"They slowly lost their way editorially, evolving into a quasi-alliance partner with the Coalition …"“The readership isn’t huge, but it’s clustered at the top of the socio-economic grouping,” he said. “It includes a lot of people who are involved in the shaping of policy.” The paper's reporting of things other papers largely ignore, like Aboriginal affairs, Armstrong says, makes it a must-read for those who write policy in those areas. “Over time, exposure to that content has influence.” Another factor in The Australian's influence is its consistency, he continues. Unlike the Fairfax papers, for example, whose commitment to Canberra has ebbed and flowed over time, The Australian has always prioritised the goings-on in the nation's capital. This continues online, Armstrong says. The Australian's website is very similar in tone and focus to the paper, unlike the websites of The Sydney Morning Herald and The Age. But in former Labor leader Mark Latham’s view, The Australian’s influence on political parties has declined in recent years. “I think it did have influence when I first got to Canberra,” he told Crikey. “It was seen as an objective paper then. But it’s moved a long, long way to the Right, most notably under [current editor-in-chief Chris] Mitchell. As such, I don't think you'll find any Labor politician who thinks it’s viable to keep it on side … For anyone but the Coalition, it's a lost cause.” And for the Coalition, Latham continues, it’s convenient to have a friendly outlet to drop to -- but that’s not the same thing as that outlet having influence. A senior staffer to the previous Labor government says media follow-through is the ultimate measure of influence for an outlet. He recalls that after the 2007 election, whatever was on the front page of The Australian would be splashed on the television news that night. This caused huge problems for the government, ensuring wide coverage for scandals such as the pink batts roll-out and the Building the Education Revolution scheme. “If you can keep a story alive from the breakfast shows to Laurie Oakes at night, you’re pretty much won,” he said. But the Oz’s ability to set the agenda, the staffer notes, becomes weaker with every passing year. “They slowly lost their way editorially, evolving into a quasi-alliance partner with the Coalition … So the broadcasters started to view the coverage pretty cynically. They were often ignored altogether by Laurie Oakes and Mark Riley at 6pm. At the end of the day, those two remain the most crucial gallery journalists as far as most voters are concerned." Perhaps part of the reason other sections of the media began to look sceptically at The Australian is because of its tendency to pursue issues fiercely and uncompromisingly. The Oz is a campaigning newspaper. “It doesn’t drop off a story,” as Armstrong said. From the AWB scandal, which The Australian blew wide open, to the ongoing crusade against Clive Palmer, the Oz will sink its journalists for month after month on a story, keeping it top of mind among its readership. But sometimes its campaigns don't stand up to scrutiny particularly well. For example, after Media Watch host Paul Barry failed to give The Australian a chance to comment on its financial figures, the paper responded, in part, by analyzing his Twitter feed for anti-News Corp bias. It’s no wonder most journalists, those at Crikey included, weren’t impressed, even if they thought the Oz had cause to be miffed about Barry’s original infraction. Lately, The Australian has been unhappy that other media outlets have not been following up its angles. Last week it published an article haranguing the ABC, Fairfax and The Guardian, as well as the TV networks, for their failure to “prominently cover court proceedings involving Clive Palmer’s alleged use of siphoned Chinese cash in his election campaign”. Latham says this is one measure of its lack of clout in Canberra. “Look at the inordinate amount of time it spends criticising others for not following its lead,” he says. “If it was influential, it wouldn’t need to do that.” Most of the people Crikey spoke to agreed that who's anyone in Canberra reads The Australian, so there's influence in that. But as to whether it can change policy and unseat or crown governments, that depends on whether it convinces other outlets to follow its lead. When it's onto a good thing, the Oz's reach combines with its dogged, unyielding focus to make governments quake in their boots. But if the rest of the press gallery picks it up and shrugs, its scoops don't make it to the broader public to force politicians to react. The Oz is the most influential newspaper in Canberra, but now as ever, it cannot affect change alone.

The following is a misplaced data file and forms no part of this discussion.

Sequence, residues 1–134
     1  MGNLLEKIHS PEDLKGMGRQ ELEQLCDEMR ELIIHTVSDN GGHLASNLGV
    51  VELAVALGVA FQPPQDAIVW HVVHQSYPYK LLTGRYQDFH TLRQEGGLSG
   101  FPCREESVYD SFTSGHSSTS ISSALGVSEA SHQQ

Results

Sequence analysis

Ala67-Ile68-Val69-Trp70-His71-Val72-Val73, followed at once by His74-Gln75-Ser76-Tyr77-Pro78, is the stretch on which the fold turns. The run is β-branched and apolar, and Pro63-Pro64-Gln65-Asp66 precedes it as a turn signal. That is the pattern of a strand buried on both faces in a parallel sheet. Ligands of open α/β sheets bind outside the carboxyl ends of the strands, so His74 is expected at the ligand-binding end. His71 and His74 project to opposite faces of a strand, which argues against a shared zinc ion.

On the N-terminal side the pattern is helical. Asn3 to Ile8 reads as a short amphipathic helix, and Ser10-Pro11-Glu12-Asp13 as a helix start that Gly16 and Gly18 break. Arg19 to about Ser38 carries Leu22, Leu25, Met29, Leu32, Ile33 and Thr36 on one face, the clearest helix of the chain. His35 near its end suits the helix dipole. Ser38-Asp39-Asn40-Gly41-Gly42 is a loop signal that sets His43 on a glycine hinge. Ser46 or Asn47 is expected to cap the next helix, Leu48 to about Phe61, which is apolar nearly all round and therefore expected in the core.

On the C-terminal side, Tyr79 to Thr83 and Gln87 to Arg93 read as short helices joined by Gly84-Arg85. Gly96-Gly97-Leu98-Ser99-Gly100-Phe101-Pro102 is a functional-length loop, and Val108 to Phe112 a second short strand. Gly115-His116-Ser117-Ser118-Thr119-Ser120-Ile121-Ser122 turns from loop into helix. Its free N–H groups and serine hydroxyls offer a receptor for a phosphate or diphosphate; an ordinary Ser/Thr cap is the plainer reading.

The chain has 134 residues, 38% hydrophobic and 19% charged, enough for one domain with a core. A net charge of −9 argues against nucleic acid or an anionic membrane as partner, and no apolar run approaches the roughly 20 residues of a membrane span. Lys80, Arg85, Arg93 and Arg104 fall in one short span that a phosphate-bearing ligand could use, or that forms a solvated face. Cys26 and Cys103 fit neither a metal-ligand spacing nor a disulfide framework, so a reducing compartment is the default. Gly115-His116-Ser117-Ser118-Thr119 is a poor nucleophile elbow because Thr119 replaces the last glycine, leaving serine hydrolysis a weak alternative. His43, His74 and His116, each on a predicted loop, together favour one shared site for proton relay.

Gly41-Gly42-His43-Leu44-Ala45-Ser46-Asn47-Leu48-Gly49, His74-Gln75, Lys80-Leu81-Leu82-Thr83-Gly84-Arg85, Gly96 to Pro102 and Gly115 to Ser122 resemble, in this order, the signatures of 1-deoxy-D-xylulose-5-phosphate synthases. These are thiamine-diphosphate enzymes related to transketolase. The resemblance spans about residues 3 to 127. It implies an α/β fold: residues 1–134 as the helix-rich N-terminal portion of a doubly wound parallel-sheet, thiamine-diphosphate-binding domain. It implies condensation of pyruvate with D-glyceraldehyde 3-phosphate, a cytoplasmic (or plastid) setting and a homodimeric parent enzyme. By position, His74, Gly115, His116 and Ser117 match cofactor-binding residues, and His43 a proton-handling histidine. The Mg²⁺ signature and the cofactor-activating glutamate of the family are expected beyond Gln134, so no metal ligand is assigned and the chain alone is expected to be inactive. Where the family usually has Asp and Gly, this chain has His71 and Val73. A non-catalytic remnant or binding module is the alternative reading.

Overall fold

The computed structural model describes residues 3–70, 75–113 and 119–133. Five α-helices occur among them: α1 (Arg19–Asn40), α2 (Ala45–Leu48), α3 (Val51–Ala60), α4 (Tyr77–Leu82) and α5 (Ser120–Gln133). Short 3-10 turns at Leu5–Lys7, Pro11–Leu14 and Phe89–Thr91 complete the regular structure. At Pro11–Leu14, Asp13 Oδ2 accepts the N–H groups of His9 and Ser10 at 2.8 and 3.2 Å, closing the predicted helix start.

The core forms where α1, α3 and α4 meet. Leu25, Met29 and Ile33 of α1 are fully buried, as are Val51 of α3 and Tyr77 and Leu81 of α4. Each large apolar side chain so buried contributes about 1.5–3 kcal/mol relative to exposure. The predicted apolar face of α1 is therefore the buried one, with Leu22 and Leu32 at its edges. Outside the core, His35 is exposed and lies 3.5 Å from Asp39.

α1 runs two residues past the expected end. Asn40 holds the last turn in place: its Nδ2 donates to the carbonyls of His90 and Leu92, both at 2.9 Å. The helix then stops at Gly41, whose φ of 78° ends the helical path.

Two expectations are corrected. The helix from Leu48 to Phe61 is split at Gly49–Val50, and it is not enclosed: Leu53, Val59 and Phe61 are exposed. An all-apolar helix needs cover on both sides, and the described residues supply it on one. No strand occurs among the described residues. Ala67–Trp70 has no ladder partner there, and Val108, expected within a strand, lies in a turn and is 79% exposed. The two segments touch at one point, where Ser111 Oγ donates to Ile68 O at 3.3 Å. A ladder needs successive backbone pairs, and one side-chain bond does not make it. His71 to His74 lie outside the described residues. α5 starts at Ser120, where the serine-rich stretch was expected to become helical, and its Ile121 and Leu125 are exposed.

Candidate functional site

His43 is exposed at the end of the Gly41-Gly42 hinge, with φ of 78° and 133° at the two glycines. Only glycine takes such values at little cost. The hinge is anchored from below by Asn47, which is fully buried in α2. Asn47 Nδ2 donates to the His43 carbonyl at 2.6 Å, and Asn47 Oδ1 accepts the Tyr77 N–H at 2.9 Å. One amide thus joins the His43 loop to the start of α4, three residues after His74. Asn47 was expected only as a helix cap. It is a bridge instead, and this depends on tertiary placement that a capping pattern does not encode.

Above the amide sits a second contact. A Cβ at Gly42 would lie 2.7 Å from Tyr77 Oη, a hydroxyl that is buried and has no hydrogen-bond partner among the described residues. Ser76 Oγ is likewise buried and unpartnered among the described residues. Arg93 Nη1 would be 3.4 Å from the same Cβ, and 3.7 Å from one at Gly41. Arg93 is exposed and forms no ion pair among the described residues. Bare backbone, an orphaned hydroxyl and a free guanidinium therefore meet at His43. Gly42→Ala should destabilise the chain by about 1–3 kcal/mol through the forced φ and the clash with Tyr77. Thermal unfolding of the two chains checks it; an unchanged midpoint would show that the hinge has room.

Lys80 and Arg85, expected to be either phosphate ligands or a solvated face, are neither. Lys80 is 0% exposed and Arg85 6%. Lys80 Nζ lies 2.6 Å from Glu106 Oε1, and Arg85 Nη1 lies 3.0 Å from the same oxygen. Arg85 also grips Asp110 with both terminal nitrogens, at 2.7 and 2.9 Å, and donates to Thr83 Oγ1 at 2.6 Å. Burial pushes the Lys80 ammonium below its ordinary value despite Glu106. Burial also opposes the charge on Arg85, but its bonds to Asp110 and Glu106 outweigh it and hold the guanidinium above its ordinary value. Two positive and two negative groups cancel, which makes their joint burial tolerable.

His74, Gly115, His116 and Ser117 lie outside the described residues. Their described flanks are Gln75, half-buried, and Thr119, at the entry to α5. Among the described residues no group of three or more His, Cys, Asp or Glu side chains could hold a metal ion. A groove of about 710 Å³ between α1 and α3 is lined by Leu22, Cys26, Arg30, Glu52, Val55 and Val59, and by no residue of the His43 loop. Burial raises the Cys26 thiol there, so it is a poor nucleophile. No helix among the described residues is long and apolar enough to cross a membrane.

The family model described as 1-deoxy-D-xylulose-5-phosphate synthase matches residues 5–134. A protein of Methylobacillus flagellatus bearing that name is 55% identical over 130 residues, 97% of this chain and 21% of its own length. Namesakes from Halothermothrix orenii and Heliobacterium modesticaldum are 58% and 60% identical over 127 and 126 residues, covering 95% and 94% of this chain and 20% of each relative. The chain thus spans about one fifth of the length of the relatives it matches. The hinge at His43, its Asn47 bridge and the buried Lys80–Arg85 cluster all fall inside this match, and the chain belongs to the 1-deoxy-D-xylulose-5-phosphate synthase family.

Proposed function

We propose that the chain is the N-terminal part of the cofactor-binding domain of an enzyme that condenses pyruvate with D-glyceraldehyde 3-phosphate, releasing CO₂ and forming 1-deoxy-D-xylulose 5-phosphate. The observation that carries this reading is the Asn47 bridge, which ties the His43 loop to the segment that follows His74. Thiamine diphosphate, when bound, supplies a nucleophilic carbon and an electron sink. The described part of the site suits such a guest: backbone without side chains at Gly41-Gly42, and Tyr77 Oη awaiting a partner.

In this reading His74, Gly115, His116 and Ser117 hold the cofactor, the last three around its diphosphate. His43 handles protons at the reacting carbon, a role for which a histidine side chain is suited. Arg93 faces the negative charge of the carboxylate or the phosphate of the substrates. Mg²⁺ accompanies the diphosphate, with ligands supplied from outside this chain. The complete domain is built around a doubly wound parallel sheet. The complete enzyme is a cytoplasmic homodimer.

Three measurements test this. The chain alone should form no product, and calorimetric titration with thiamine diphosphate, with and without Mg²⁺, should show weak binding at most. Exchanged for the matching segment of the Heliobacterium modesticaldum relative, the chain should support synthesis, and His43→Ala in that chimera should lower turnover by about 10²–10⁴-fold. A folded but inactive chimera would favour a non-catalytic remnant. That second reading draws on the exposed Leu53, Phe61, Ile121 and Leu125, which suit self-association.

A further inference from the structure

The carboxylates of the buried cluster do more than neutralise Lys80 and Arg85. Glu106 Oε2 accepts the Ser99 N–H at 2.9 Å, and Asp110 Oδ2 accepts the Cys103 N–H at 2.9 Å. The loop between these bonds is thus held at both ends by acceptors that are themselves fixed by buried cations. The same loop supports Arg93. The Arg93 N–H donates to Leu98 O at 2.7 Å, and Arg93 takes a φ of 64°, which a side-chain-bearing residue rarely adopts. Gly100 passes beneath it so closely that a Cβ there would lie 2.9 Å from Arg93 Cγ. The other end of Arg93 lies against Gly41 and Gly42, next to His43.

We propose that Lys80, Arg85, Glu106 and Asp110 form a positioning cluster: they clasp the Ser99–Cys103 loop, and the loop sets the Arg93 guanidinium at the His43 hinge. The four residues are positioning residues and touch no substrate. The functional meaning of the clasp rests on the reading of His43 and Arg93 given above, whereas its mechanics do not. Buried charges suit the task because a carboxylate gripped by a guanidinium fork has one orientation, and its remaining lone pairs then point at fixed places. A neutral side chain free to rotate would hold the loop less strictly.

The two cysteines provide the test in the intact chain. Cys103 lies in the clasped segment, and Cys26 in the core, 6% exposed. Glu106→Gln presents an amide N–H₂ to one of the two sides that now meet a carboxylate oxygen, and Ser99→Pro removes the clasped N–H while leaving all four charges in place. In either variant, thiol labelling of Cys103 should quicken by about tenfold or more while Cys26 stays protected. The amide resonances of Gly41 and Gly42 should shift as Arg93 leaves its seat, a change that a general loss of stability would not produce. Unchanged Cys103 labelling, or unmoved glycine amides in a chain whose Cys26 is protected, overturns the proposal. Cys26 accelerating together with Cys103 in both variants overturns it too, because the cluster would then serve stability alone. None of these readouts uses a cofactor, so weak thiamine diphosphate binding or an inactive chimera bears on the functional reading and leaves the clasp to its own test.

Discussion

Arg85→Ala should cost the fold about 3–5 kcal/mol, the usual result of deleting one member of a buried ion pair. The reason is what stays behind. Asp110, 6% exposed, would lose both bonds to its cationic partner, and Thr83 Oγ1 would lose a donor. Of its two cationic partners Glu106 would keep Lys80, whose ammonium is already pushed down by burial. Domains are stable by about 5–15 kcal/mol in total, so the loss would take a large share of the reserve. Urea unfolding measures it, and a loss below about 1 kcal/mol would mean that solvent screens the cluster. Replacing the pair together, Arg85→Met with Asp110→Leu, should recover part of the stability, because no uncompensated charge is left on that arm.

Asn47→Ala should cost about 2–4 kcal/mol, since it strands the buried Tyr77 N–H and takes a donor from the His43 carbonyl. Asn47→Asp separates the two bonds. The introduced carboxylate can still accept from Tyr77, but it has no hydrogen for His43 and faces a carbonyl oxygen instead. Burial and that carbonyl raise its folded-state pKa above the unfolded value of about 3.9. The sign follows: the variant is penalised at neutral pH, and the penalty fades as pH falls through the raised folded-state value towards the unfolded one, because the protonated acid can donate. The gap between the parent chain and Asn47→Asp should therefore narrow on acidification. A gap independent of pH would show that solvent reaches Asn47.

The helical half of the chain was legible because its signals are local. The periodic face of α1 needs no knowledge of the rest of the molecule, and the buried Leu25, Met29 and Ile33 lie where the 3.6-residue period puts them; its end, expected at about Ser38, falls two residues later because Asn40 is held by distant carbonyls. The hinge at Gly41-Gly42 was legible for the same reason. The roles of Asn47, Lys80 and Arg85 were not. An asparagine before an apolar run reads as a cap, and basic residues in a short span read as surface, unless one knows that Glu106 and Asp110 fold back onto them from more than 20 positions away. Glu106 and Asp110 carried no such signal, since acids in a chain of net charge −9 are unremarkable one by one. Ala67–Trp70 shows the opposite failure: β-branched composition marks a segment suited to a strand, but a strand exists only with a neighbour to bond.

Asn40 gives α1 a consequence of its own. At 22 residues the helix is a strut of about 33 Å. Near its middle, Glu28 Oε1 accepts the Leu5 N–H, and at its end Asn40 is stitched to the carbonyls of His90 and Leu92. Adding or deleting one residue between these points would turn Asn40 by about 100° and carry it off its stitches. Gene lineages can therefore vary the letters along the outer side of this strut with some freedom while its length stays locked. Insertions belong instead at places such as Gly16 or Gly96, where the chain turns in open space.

‘A lost cause’: is The Australian really Canberra’s most influential paper?
Anyone who's anyone in Canberra reads The Australian. But that doesn't mean the paper is as influential as it says it is.